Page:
Book review: Charges - The Supplicants
Elfriede Jelinek's play is a blistering indictment of European asylum policy, and the indifference or hostility of some Europeans.
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Charges – The Supplicants (Seagull) by Elfriede Jelinek
In November 2012, a group of refugees and asylum seekers marched 20km from the Traiskirchen holding facility to central Vienna, supported by several anti-fascist and socialist groups. They set up camp on a grassy area next to one of the city’s most famous churches. A couple of weeks later, some moved inside the church and went on hunger strike. They were protesting against the living conditions in the holding facility and demanding better interpreters, access to language classes and the right to work.
Their presence triggered a heated debate in Austria about the treatment of refugees. In response, Austrian playwright and novelist Elfriede Jelinek wrote Die Schutzbefohlenen, now available in an English translation for the first time. Suffering from agoraphobia, she rarely leaves her home on the outskirts of the Austrian capital and observed the events in late 2012 via news reports and social media.
The central piece – Jelinek calls it a play but it reads more like an interior monologue, shifting abruptly, often mid-sentence, between the perspective of the refugees inside the church and that of the locals – is a blistering indictment of European asylum policy and the indifference (or hostility) of some Europeans towards the newcomers. Many of the themes are familiar from the liberal press. Yet, voiced by a chorus of refugees, those same arguments have far greater power to disturb.
“We only come in bulk, no longer individually, never again, even though they pull us out one by one,” the narrator says. “When will we be somebody again?” In one of many references to classical mythology, Jelinek alludes to Troy’s greatest fighter, whose body is protected from further harm after his death by the gods. In the “Coda”, added along with an appendix in late 2015, set on a barely seaworthy boat crossing the Mediterranean, the narrator exclaims, “When I think of the drama they made of Hector’s corpse! And that was just one man and nine days of outrage from the gods. But our motor not running doesn’t concern them at all, it doesn’t concern anyone but us.”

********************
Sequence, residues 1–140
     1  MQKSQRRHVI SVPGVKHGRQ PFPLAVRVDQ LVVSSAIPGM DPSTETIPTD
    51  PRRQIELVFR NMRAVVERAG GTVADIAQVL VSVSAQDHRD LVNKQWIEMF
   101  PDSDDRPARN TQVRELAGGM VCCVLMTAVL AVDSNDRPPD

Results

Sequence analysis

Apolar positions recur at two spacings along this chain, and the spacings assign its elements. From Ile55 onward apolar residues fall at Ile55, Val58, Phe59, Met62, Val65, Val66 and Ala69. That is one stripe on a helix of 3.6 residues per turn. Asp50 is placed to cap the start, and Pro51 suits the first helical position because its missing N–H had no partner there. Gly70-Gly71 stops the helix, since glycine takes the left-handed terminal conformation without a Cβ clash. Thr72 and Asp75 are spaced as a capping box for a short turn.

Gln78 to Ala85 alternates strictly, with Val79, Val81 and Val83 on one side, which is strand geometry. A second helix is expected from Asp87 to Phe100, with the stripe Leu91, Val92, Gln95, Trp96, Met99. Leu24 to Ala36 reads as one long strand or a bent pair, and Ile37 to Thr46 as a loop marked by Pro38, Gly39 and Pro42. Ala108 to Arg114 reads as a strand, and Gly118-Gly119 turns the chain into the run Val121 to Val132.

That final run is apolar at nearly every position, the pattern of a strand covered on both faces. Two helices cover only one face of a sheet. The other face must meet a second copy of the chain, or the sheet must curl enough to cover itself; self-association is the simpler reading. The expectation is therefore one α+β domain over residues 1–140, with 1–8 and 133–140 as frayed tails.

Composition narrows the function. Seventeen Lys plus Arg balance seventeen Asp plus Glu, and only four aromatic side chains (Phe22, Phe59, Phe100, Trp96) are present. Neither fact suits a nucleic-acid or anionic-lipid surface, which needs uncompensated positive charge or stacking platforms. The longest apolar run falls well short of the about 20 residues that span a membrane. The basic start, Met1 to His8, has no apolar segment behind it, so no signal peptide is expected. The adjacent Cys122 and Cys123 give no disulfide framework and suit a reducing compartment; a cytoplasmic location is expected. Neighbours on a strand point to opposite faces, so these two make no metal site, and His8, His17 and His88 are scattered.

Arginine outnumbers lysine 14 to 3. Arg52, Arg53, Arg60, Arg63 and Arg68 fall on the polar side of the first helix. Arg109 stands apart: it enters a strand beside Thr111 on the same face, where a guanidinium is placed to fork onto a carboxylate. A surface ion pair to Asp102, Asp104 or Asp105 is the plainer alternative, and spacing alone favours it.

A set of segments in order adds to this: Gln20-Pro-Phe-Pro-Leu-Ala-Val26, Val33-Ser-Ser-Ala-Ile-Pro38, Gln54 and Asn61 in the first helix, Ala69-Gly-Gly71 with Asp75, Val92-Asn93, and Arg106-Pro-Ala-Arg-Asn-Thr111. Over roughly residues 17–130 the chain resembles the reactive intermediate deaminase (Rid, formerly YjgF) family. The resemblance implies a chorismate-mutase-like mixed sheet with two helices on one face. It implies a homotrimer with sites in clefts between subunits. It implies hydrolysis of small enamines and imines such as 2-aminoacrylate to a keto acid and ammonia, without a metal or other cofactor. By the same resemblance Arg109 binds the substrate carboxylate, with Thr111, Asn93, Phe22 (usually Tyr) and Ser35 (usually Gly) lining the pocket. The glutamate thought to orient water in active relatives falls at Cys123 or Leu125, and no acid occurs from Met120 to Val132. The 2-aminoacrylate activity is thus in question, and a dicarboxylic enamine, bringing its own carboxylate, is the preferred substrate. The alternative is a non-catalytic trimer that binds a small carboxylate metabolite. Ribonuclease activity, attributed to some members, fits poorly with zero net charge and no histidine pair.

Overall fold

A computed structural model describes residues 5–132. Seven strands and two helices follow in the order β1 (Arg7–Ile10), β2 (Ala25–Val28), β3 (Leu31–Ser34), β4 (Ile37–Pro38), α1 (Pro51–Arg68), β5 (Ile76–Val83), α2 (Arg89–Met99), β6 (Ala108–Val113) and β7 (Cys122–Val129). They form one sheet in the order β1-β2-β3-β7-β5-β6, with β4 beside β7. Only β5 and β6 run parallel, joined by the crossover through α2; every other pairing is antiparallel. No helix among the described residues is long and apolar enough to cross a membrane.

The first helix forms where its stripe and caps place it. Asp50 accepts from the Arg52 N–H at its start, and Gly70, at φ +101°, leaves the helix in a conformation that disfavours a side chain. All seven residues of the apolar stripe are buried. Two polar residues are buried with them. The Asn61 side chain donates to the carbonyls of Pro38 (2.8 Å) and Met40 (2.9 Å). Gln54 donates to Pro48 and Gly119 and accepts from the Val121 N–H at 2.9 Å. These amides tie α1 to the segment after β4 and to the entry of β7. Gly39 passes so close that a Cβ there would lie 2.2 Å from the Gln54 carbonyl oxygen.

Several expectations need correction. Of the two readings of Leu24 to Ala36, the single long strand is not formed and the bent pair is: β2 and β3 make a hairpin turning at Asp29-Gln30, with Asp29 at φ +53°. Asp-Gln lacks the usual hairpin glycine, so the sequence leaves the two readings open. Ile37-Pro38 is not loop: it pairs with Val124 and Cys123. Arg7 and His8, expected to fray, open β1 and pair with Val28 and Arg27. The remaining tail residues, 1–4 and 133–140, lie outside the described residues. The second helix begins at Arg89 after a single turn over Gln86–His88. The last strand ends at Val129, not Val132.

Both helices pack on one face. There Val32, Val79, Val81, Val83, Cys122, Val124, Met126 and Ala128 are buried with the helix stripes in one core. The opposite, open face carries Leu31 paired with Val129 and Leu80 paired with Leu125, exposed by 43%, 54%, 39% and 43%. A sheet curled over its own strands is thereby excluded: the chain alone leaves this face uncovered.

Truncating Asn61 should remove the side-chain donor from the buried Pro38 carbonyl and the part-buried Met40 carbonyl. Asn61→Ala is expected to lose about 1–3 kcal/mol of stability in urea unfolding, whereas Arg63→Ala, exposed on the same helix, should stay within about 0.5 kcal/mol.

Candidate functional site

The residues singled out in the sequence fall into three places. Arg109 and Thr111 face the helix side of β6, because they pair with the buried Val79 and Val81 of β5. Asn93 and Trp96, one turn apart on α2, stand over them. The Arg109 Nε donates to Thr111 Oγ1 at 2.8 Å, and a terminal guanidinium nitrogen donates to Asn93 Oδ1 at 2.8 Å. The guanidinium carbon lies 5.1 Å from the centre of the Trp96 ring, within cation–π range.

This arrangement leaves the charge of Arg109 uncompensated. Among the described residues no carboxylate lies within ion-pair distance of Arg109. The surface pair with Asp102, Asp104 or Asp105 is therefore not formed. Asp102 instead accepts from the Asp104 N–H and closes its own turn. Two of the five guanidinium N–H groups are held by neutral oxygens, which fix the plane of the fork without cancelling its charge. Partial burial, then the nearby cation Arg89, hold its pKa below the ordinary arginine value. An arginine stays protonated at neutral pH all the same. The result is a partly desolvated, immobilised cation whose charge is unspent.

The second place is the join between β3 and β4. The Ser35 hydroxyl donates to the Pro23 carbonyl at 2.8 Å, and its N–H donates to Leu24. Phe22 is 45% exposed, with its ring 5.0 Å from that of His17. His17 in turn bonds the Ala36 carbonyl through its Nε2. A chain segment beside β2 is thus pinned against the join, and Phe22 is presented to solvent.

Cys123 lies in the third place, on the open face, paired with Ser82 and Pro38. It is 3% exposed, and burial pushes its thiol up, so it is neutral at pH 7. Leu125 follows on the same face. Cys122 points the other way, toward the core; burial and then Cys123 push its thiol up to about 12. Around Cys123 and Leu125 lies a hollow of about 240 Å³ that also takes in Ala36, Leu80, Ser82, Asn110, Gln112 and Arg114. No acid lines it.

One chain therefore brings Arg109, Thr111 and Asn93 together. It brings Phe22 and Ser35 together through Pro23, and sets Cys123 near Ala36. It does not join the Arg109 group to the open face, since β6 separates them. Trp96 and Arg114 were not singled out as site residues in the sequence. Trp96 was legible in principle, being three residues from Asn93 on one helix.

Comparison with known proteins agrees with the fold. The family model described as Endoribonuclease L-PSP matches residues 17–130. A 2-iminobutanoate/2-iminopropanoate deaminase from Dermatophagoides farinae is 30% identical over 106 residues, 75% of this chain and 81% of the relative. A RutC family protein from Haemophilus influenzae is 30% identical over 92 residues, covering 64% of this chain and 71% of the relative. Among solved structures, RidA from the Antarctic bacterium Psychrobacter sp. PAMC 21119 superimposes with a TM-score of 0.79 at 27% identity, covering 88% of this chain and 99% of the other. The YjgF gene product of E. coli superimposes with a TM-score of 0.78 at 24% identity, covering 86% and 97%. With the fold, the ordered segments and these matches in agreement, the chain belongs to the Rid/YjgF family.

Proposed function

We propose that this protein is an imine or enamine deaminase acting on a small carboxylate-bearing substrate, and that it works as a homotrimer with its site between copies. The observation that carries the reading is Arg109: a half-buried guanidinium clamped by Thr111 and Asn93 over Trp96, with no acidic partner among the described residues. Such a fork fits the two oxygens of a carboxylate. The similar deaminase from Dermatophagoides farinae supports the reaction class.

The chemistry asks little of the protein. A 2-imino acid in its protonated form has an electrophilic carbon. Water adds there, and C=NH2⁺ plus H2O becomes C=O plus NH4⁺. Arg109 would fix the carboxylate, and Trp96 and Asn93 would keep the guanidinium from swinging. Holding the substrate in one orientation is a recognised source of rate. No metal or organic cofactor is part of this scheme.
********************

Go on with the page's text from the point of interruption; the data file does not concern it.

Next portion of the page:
Elsewhere, Jelinek confronts perceived injustices in Europe’s asylum system. Opera singer Anna Netrebko and Tatyana Yumesheva (daughter of Boris Yeltsin), both of whom have been given Austrian citizenship, are invoked as symbols of a corrupt system that only welcomes those with money or influence. “We show respect,” the protagonist says. “We bring different talents and strengths, but, unfortunately, no money.” Earlier, more bluntly, the chorus proclaims, “our being has no currency”.
Jelinek delights in wordplay and (thanks to a masterful translation by Gitta Honegger) the reader is frequently amused and then abruptly discomfited by the linguistic slippages that litter the text. “We don’t have anyone’s sponsorship,” the protagonist laments, “the only ship we had was an old, sinking boat.” At times her language becomes acerbic, even obscene. Western Europe is described as “a society where human rights are raided, raked up, thrown on a pile and run over by a bulldozer” and the donations made by the Viennese as “pitiful crap”.
Jelinek does not shy away from controversy. In a rare and extensive interview, printed at the end of the English translation of the work, she expressed her frustration to Honegger at being unable to intervene politically. “I am trying,” she said, “but I don’t have the feeling that it affects anything.” Honegger demurred. “You disturb,” she said.
Recent productions of the play in Austria, involving a cast of refugees and asylum seekers, seem to bear this out. On several occasions, groups of right-wing protesters have disrupted the performance, spraying artificial blood and brandishing fliers that declare multiculturalism “dead”.
These productions also mitigate the charge of appropriation. Speaking with Honegger, Jelinek acknowledged the presumptuousness of “turning myself into one of those refugees, something I am not at all entitled to”. Her protagonist declares, “Unheard is what we are”, and by putting her own words into the mouths of refugees, Jelinek risks perpetuating this. But in theatres across Austria, using Jelinek’s text, refugees are reclaiming the right to be heard.
“Yesterday all of them were still human,” Jelinek writes in the appendix. “Today I cannot look at them since yesterday thousands, tens of thousands more arrived.” In this engrossing, deeply troubling work, Jelinek charges us to keep looking at these people, who are, after all, still human.